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Government, Industry Seek Similar Cloud Solutions

The federal sector is becoming more comfortable with commercial approaches.
Panelists discussing cloud computing at TechNet Indo-Pacific are (l-r) moderator Lt. Gen. Susan Lawrence, USA (Ret.), AFCEA president and CEO; Bill Burnham, Hewlett Packard Enterprise; Boris Kilimnik, Juniper Networks; James T. Matney, GDIT; and Angel Smith, Microsoft. Credit: Dave Livingston photo

Panelists discussing cloud computing at TechNet Indo-Pacific are (l-r) moderator Lt. Gen. Susan Lawrence, USA (Ret.), AFCEA president and CEO; Bill Burnham, Hewlett Packard Enterprise; Boris Kilimnik, Juniper Networks; James T. Matney, GDIT; and Angel Smith, Microsoft. Credit: Dave Livingston photo

Advances in cloud capabilities are opening new vistas for government and industry, but both are dealing with uncertainties in both their goals and their approaches to achieve them. The federal government, with more stringent restraints on cloud operations, is looking to work with the private sector as both face similar challenges to their cloud aspirations.

These were among the many points discussed at an industry panel on the first day of TechNet Indo-Pacific, being held in Honolulu April 11-13. Titled “What Cloud Technologies Can Industry Offer to Enable the Department of Defense to Move From Data to Dominance,” the panel topic focused on a key element of the conference’s theme of “From Data to Dominance.”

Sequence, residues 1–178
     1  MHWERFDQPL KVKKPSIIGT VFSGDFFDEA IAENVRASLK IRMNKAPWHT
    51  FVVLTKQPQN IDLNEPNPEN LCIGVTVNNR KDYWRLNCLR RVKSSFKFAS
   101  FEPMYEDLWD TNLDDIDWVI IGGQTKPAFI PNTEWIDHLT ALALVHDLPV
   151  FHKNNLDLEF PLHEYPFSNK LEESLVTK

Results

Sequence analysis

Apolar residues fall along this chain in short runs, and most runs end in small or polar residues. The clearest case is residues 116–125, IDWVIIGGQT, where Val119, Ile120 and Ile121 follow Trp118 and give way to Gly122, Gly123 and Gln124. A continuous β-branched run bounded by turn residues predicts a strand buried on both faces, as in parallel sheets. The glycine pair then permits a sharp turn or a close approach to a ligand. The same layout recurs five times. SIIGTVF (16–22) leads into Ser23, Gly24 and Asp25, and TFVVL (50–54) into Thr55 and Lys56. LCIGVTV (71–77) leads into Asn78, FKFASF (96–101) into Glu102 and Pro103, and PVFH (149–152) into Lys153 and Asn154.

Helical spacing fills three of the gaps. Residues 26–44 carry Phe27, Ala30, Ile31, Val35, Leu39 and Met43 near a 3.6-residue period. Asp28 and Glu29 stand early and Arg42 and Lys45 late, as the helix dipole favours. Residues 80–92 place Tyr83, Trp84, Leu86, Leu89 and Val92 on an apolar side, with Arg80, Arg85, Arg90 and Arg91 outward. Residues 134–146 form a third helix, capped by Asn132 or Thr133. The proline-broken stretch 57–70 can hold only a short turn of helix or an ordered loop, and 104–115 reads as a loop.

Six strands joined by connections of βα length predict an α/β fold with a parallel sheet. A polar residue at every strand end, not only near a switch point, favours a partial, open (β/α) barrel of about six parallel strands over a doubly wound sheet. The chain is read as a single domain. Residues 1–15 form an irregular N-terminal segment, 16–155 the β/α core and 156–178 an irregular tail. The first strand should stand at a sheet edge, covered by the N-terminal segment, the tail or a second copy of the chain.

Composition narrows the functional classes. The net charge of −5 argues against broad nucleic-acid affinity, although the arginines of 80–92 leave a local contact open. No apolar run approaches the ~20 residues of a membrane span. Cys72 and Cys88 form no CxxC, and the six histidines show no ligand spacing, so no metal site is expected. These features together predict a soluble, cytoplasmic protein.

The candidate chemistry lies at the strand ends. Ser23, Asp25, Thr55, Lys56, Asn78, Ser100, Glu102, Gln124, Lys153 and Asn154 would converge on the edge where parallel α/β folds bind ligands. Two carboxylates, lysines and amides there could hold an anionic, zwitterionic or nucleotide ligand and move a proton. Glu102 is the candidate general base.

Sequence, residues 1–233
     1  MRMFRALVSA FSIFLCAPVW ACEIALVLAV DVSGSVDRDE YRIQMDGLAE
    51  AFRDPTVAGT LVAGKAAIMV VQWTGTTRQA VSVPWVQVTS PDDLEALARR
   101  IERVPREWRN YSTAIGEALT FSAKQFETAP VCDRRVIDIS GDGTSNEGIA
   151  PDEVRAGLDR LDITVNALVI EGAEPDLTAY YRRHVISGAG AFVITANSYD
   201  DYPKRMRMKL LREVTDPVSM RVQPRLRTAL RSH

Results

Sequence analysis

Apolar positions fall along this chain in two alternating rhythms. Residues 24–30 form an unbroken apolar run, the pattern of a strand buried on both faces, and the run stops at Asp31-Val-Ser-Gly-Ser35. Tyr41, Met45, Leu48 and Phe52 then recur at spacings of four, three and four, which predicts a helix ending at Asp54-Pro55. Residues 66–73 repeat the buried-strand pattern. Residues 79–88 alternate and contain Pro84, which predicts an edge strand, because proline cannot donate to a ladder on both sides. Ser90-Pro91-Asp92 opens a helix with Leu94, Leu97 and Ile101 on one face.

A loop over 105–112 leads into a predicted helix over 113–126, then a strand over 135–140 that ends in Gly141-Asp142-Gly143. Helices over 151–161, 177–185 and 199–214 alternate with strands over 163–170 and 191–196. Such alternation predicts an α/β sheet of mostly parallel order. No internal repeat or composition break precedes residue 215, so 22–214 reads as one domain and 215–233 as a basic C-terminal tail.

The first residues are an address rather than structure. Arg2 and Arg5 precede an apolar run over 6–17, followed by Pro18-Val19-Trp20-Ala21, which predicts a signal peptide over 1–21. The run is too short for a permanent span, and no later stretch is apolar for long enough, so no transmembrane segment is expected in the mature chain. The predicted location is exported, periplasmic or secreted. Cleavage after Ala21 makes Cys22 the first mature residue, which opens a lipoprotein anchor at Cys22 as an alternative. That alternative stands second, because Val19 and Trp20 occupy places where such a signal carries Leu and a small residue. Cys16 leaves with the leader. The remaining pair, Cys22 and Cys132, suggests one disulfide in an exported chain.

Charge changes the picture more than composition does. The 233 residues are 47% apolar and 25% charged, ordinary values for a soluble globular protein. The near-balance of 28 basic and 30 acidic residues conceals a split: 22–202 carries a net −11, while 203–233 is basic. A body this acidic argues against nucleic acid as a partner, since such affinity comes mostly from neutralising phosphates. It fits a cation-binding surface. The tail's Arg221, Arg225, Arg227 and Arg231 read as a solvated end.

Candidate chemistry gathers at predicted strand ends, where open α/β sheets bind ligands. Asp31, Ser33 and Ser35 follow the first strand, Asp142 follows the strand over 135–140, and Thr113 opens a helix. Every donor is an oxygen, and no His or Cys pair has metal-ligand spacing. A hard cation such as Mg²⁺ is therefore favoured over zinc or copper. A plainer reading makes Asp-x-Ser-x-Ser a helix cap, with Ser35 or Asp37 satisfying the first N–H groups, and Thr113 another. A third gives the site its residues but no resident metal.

Bill Burnham, chief technology officer, U.S. Public Sector, Hewlett Packard Enterprise, offered a definition of the state of government and industry pursuit of cloud issues. “We are seeing heavy investment [in the private sector] to help the Department of Defense get from data to dominance,” he said. “And, where we’re seeing huge investment in the private sector is edge computing.

“Cloud edge technology is now a reality, and the defense sector is beginning to take advantage of that,” he declared.

Boris Kilimnik, federal sales director at Juniper Networks, offered that government is working with the private sector to a greater degree to realize cloud goals. “More and more, I have seen government being able to start to investigate these new technologies in a way that is collaborative with industry,” he observed.

That includes a new approach to edge computing and the cloud. “Being able to flip the script on the cloud—start at the edge and work toward the enterprise instead of the other way around—is really critical,” he declared.

Burnham noted, “In the private sector today, the term is secure hybrid multicloud. It is hard to get there today,” he added. Kilimnik suggested that software-defined wide area network (SD WAN) technology provides a Waze- or Google Maps-type capability across the network. And, Burnham pointed out, a lot of this data is too big to move or there are laws against moving it. To address that, private industry has created a smart data fabric approach.

Not all panelists believe the solution lies in the ultimate cloud evolution. Angel Smith, partner, Mission Solutions & Customer Expansion at Microsoft, stated that multiple clouds are the best approach. “I want to give our adversary a targeting problem,” she stated. “I want to give him three or four clouds to aim at. And, I want that level of redundancy and complexity.”

Overall, spending on cloud/edge computing has increased. “The investment to move from data to dominance has been hitting the market now for about one or two years,” Burnham said. Smith added that her company has determined that the best path to connect with the Defense Department is to go through partners.

But while all cloud developers are counting on advances in artificial intelligence (AI) to make cloud use more effective, pitfalls remain, particularly in data security. “You can’t trust your AI if you can’t trust your data, and you can’t trust your data if you can’t trust its pedigree,” Burnham declared.